Change Habits in Cost-of-Living Crisis Says Life Coach

Chippenham-based mentor and executive Life Coach, Eric Couturier, says his methods normally used for changing habits for a better work-life, can also help everyone through the cost-of-living crisis too.

Eric Couturier is a certified life coach. His work normally helps executives achieve better work-life balance and career goals but recently he noticed how his strategies can improve family habits to cope with the rising cost of living in the UK.

Make changes for the better

Since January 2023, 92 per cent of UK households reported that their cost of living had gone up compared with 2022, with 67 per cent of households experiencing monthly increases in costs – including food, electricity and fuel. Many people, despite earning good wages, are struggling to balance the household budget at the end of each month. Eric Couturier is proposing changing our habits might be the best solution to cope.

My normal work is about instilling change, and that is not easy,” said Couturier.Saying you are motivated is not enough in itself. You have to make a choice to be disciplined, you have to plan your decisions and stick with them. We all have habits that we probably should be aware of in a cost-of-living crisis, such as buying certain things we don’t need, buying high-priced items, and not checking how much energy we use or disposable income we really have. With mortgages going up and so many people worried about how they are going to cope, more than ever, now is the time to transform, not only your buying habits but your living habits.”

Couturier focuses on adjusting people’s mindsets. It begins with writing down specifics to understand where someone wants to be, defining a goal, for instance making the home budget balance and still being happy, at the end of the month. Whilst this may sound obvious, the steps are then worked out to achieve it and those will involve making big changes to the daily routines that are usually a set, hard-to-break pattern of behaviour.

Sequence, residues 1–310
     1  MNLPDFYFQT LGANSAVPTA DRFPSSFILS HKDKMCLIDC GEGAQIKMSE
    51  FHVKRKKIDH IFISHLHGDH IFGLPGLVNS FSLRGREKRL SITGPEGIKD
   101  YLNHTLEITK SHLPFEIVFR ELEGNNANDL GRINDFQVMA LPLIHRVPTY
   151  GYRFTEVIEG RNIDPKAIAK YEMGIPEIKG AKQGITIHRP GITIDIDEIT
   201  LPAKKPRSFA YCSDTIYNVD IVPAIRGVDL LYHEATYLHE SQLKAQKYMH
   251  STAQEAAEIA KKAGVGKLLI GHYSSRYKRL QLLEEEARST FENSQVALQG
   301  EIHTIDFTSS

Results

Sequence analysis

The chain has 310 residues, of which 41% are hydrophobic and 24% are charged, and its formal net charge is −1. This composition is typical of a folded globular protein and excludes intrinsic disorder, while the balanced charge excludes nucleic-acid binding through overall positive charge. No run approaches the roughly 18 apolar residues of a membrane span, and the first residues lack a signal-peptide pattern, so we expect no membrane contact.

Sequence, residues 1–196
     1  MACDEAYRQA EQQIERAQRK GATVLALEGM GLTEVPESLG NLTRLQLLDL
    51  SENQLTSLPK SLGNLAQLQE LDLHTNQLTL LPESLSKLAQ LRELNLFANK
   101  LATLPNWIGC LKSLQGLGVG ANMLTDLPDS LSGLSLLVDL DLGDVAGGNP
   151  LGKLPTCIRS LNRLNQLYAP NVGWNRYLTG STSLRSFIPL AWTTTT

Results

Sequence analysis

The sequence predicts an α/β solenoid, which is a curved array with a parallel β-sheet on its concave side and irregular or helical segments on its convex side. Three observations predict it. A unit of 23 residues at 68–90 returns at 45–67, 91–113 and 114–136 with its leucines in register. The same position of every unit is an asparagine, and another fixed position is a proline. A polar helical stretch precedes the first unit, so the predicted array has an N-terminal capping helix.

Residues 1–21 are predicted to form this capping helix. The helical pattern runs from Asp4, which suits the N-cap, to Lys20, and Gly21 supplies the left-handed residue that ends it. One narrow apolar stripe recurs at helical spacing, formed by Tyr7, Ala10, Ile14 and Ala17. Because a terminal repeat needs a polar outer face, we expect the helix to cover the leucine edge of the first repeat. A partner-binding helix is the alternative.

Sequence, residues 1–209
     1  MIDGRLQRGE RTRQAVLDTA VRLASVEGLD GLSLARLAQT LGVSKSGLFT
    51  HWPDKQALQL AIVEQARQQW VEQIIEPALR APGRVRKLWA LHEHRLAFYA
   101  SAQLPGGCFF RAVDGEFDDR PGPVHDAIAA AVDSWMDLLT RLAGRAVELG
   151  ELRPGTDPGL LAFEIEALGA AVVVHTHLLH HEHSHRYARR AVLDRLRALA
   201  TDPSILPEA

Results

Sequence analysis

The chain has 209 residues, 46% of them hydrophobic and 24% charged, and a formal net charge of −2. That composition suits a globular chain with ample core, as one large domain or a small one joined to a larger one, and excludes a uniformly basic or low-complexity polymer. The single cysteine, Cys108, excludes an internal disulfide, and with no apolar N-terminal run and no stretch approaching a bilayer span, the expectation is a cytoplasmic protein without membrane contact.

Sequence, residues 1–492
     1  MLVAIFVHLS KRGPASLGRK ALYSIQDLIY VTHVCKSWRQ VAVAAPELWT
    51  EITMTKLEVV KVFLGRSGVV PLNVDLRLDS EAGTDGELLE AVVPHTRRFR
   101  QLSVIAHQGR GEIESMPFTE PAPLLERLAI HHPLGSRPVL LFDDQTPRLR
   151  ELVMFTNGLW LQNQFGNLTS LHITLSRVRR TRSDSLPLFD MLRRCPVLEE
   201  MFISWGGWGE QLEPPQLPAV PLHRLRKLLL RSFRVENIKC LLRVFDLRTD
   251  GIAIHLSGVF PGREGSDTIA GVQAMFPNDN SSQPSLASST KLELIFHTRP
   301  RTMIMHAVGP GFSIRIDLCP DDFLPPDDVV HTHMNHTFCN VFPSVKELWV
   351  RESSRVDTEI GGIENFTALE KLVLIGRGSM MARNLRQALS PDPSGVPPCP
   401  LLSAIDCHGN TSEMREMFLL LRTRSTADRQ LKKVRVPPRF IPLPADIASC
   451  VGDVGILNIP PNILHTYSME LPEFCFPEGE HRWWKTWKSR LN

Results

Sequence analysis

People might be aware they have bad habits, for instance, bad spending habits, ignoring problems, and this creates tremendous stress. My advice is not only to confront those kinds of issues head on, but also to understand how you can still have a good life at the same time as making those difficult choices. No one wants to sacrifice everything for nothing and you don’t have to, but you do need to make conscious changes.”

6 Step Guide to Change in the Cost-of-Living Crisis

Here’s Couturier’s simple self-help to-do list:

  1. Understand your monthly spending. Write it ‘all’ down and be honest.
  2. Separate the essentials from the fun and unnecessary spending – in two lists.
  3. With the essential list, make sure it’s as cheap as possible, for instance, can you get cheaper energy, mortgage, insurance, mobile phone etc? It might make a big difference. Surely, it’s worth a day of your time for potential big savings.
  4. With the fun/extras list, are there things on there you can swap for less: for example, the gym membership for free exercise outside, swapping eating out for eating in (but make it an occasion!) – this kind of thing. If you have a car, can you use it less? Do you need to do it to go everywhere, can you get shopping delivered, for example? Can you use Zoom more?
  5. Write down new routines in black and white, stick them to the fridge and follow them every day.
  6. Don’t make excuses! Make each other in the family accountable to each other – help each other change and make it fun where possible. It will be harder if it feels like a punishment, so focus on making changes easier or fun.

For more information on Eric Couturier go to:

Statistics reference: